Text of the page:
Rudra Murthy


2023

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Naamapadam: A Large-Scale Named Entity Annotated Data for Indic Languages
Arnav Mhaske | Harshit Kedia | Sumanth Doddapaneni | Mitesh M. Khapra | Pratyush Kumar | Rudra Murthy | Anoop Kunchukuttan
Proceedings of the 61st Annual Meeting of the Association for Computational Linguistics (Volume 1: Long Papers)

We present, Naamapadam, the largest publicly available Named Entity Recognition (NER) dataset for the 11 major Indian languages from two language families. The dataset contains more than 400k sentences annotated with a total of at least 100k entities from three standard entity categories (Person, Location, and, Organization) for 9 out of the 11 languages. The training dataset has been automatically created from the Samanantar parallel corpus by projecting automatically tagged entities from an English sentence to the corresponding Indian language translation. We also create manually annotated testsets for 9 languages. We demonstrate the utility of the obtained dataset on the Naamapadam-test dataset. We also release IndicNER, a multilingual IndicBERT model fine-tuned on Naamapadam training set. IndicNER achieves an F1 score of more than 80 for 7 out of 9 test languages. The dataset and models are available under open-source licences at https://ai4bharat.iitm.ac.in/naamapadam.

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Towards Safer Communities: Detecting Aggression and Offensive Language in Code-Mixed Tweets to Combat Cyberbullying
Nazia Nafis | Diptesh Kanojia | Naveen Saini | Rudra Murthy
The 7th Workshop on Online Abuse and Harms (WOAH)

Cyberbullying is a serious societal issue widespread on various channels and platforms, particularly social networking sites. Such platforms have proven to be exceptionally fertile grounds for such behavior. The dearth of high-quality training data for multilingual and low-resource scenarios, data that can accurately capture the nuances of social media conversations, often poses a roadblock to this task. This paper attempts to tackle cyberbullying, specifically its two most common manifestations - aggression and offensiveness. We present a novel, manually annotated dataset of a total of 10,000 English and Hindi-English code-mixed tweets, manually annotated for aggression detection and offensive language detection tasks. Our annotations are supported by inter-annotator agreement scores of 0.67 and 0.74 for the two tasks, indicating substantial agreement. We perform comprehensive fine-tuning of pre-trained language models (PTLMs) using this dataset to check its efficacy. Our challenging test sets show that the best models achieve macro F1-scores of 67.87 and 65.45 on the two tasks, respectively. Further, we perform cross-dataset transfer learning to benchmark our dataset against existing aggression and offensive language datasets. We also present a detailed quantitative and qualitative analysis of errors in prediction, and with this paper, we publicly release the novel dataset, code, and models.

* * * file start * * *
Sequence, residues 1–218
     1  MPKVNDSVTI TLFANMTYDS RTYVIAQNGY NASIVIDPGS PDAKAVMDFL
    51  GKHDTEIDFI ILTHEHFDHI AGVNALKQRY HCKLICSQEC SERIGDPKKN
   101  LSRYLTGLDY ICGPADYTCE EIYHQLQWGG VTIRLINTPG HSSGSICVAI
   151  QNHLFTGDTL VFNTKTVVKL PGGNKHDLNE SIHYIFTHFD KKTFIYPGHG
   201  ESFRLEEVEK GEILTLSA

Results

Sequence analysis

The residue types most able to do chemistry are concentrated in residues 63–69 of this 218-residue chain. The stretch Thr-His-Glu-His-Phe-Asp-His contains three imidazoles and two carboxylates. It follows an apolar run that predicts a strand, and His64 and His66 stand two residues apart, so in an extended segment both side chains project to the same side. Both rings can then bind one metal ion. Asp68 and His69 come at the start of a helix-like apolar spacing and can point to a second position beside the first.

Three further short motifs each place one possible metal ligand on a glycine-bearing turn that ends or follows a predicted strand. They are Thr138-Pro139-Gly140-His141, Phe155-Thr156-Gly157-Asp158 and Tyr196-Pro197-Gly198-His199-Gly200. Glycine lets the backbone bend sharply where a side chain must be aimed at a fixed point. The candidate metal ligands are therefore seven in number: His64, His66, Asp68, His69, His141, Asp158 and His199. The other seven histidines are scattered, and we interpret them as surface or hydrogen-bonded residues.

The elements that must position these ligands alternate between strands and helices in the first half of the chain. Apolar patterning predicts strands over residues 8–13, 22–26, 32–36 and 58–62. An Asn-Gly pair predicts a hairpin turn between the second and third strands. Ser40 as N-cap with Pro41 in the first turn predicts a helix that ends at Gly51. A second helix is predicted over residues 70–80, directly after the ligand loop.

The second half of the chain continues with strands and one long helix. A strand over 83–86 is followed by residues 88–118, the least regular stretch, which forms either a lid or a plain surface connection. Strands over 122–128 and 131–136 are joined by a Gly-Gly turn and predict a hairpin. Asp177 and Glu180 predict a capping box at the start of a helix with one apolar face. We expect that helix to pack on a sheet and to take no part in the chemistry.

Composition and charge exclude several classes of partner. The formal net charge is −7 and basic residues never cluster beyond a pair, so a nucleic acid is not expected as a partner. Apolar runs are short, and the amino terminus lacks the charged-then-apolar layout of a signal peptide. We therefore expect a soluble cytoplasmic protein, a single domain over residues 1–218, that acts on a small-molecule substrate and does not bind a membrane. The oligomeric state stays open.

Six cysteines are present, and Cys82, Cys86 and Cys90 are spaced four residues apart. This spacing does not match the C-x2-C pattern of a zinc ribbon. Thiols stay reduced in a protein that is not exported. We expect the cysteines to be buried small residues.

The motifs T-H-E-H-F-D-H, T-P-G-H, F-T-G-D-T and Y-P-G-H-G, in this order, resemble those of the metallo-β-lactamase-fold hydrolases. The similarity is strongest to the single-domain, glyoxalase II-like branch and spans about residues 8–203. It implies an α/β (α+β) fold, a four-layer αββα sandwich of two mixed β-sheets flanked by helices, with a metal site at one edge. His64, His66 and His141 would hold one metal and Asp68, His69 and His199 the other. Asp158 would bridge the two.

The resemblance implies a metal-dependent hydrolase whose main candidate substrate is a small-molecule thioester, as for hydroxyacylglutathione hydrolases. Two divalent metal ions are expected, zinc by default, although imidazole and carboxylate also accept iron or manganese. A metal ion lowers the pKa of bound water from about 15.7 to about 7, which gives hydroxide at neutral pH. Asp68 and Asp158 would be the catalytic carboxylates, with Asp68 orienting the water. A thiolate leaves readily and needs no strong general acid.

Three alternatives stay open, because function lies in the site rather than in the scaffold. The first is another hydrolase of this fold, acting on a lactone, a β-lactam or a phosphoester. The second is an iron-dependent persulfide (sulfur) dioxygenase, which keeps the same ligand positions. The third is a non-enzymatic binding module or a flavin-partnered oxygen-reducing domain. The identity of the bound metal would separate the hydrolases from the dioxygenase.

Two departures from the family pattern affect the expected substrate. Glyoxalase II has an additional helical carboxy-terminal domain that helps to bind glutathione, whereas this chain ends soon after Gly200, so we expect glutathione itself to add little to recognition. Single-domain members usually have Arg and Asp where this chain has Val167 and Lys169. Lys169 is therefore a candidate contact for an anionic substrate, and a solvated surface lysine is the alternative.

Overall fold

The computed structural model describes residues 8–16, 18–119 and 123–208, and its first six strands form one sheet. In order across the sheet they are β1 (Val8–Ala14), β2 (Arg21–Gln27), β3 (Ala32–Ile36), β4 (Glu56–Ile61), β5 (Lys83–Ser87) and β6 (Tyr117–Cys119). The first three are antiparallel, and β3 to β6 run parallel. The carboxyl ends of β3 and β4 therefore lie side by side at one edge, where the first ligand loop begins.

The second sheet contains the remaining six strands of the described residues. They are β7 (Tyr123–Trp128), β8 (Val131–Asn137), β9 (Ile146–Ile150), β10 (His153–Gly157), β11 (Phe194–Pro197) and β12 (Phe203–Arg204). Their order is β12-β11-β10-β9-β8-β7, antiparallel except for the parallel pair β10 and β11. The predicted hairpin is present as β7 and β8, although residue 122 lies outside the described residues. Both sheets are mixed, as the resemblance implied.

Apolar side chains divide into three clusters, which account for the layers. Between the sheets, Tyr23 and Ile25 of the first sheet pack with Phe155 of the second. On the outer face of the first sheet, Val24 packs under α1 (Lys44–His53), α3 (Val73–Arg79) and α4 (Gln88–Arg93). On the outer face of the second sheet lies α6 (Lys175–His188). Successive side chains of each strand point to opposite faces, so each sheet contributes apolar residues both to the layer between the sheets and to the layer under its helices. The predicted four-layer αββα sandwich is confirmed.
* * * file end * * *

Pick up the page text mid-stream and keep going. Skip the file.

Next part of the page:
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A Study of Multilingual versus Meta-Learning for Language Model Pre-Training for Adaptation to Unseen Low Resource Languages
Jyotsana Khatri | Rudra Murthy | Amar Prakash Azad | Pushpak Bhattacharyya
Proceedings of Machine Translation Summit XIX, Vol. 1: Research Track

In this paper, we compare two approaches to train a multilingual language model: (i) simple multilingual learning using data-mixing, and (ii) meta-learning. We examine the performance of these models by extending them to unseen language pairs and further finetune them for the task of unsupervised NMT. We perform several experiments with varying amounts of data and give a comparative analysis of the approaches. We observe that both approaches give a comparable performance, and meta-learning gives slightly better results in a few cases of low amounts of data. For Oriya-Punjabi language pair, meta-learning performs better than multilingual learning when using 2M, and 3M sentences.

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Semi-Structured Object Sequence Encoders
Rudra Murthy | Riyaz Bhat | Chulaka Gunasekara | Siva Patel | Hui Wan | Tejas Dhamecha | Danish Contractor | Marina Danilevsky
Findings of the Association for Computational Linguistics: EMNLP 2023

In this paper we explore the task of modeling semi-structured object sequences; in particular, we focus our attention on the problem of developing a structure-aware input representation for such sequences. Examples of such data include user activity on websites, machine logs, and many others. This type of data is often represented as a sequence of sets of key-value pairs over time and can present modeling challenges due to an ever-increasing sequence length. We propose a two-part approach, which first considers each key independently and encodes a representation of its values over time; we then self-attend over these value-aware key representations to accomplish a downstream task. This allows us to operate on longer object sequences than existing methods. We introduce a novel shared-attention-head architecture between the two modules and present an innovative training schedule that interleaves the training of both modules with shared weights for some attention heads. Our experiments on multiple prediction tasks using real-world data demonstrate that our approach outperforms a unified network with hierarchical encoding, as well as other methods including a record-centric representation and a flattened representation of the sequence.